Possible abuse from fetching the leap second file
hmurray at megapathdsl.net
Sun Aug 14 22:49:15 UTC 2016
Matt Selsky is working on Pythonizing the script that grabs a new leap second
file. The idea is to run a cron job that keeps it up to date. That opens an
interesting can of worms.
As a general rule, you shouldn't use a resource on a system that you don't
own without permission from the owner. Informed consent might be a better
term. A system open to occasional downloads by a human might not be willing
to support automated fetches from many many systems.
This case is doubly nasty in two ways.
First, the load will normally be light but then go up sharply 60 days before
the file expires. (The doc mentions a crontab, but I can't find specifics.)
That could easily turn into a DDoS.
Second, the URL from NIST is unreliable and the IEFT clone is out of date.
It's not obvious that NIST is expecting to support non US clients or that
either NIST or IEFT is prepared to support high volumes of automated fetches.
The clean solution is for us to provide the server(s), or at least the DNS so
we can provide the servers tomorrow. That commits us to long term support,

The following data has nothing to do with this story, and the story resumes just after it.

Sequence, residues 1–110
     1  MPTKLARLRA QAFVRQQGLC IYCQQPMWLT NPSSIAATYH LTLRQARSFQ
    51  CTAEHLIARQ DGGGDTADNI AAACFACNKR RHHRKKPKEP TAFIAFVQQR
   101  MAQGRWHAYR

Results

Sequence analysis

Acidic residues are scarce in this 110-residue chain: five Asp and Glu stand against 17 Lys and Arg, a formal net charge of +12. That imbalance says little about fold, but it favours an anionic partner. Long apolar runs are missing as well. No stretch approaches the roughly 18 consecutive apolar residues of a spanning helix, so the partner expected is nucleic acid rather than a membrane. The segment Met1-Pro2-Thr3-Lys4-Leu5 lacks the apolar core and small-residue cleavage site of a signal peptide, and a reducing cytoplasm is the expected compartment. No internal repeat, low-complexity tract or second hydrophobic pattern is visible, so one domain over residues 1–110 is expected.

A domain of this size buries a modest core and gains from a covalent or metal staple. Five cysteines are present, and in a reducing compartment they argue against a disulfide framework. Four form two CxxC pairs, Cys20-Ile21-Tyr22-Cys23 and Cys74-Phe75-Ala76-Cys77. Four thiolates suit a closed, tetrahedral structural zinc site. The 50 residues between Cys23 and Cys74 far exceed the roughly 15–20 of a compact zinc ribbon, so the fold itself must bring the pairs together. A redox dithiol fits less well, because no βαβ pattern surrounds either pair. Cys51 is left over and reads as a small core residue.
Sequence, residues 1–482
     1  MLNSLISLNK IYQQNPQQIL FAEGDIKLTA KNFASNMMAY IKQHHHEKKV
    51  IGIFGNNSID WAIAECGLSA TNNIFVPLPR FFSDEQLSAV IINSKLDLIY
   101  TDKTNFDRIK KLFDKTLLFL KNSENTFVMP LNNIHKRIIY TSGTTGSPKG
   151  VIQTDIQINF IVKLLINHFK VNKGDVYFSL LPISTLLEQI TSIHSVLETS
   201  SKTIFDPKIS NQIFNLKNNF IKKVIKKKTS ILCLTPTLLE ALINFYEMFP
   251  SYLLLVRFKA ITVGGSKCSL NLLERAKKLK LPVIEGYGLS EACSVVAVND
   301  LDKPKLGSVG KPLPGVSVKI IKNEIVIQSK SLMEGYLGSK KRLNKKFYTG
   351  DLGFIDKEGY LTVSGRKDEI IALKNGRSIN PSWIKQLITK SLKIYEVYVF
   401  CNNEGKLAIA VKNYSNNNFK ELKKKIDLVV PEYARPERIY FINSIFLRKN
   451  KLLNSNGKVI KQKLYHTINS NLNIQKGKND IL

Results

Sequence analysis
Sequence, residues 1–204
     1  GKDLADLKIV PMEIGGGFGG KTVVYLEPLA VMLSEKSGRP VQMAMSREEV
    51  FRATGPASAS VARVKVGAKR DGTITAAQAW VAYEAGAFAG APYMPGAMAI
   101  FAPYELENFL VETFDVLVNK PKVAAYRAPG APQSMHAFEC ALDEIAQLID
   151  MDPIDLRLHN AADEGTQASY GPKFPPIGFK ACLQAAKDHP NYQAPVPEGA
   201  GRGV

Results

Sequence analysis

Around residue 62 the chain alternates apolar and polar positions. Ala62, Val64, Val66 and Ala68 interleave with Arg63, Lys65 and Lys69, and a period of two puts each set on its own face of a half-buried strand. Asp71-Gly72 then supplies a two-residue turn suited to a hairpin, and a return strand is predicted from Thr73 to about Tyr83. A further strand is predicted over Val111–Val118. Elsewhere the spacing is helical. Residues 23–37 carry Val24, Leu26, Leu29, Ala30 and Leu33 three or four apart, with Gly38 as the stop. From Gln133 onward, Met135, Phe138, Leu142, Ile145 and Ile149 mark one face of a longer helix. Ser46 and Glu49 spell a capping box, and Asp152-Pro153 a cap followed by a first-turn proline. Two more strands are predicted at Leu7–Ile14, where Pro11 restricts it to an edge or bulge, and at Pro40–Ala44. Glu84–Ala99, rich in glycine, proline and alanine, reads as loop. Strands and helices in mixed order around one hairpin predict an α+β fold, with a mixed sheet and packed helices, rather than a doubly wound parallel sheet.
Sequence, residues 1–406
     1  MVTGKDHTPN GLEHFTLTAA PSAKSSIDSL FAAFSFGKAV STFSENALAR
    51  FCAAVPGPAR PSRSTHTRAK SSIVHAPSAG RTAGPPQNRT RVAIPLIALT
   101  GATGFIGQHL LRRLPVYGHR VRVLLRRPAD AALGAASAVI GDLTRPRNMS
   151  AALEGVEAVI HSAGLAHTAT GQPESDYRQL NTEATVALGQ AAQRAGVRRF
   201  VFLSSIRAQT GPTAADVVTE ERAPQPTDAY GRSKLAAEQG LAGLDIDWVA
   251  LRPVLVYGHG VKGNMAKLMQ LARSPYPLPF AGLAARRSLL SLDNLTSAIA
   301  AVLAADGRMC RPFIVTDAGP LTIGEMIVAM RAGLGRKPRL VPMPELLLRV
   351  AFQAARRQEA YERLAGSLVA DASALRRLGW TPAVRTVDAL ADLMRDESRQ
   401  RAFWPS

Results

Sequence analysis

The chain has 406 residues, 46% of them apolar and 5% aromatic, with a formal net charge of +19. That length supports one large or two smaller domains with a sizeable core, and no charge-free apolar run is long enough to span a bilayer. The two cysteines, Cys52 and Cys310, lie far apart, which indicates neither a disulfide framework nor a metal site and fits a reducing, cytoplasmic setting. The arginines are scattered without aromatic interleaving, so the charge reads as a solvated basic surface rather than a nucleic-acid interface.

but since we have control of everything we can fix it if something goes wrong.
Does anybody know how many downloads/hour a cloud server can suppor? I'm
interested in this simple case, just downloading a small file, no fancy
database processing. Are there special web server packages designed for this
How many clients are we expecting to run this code?
Another approach might be to get the time zone people to distribute the leap
second file too. That seems to get updated often enough.
1] The current URL is ftp://time.nist.gov/pub/leap-seconds.list
DNS for time.nist.gov is setup for time, not ftp. It rotates through all
their public NTP servers and many of them don't support ftp.
Matt: The current code has an option to restart ntpd. The current ntpd will
check for a new leap file on SIGHUP but that will kill ntp-classic.
Please see if you can find a simple way to spread the load. We can reduce
the load on the servers by a factor of 30 if you can spread that out over a
These are my opinions. I hate spam.
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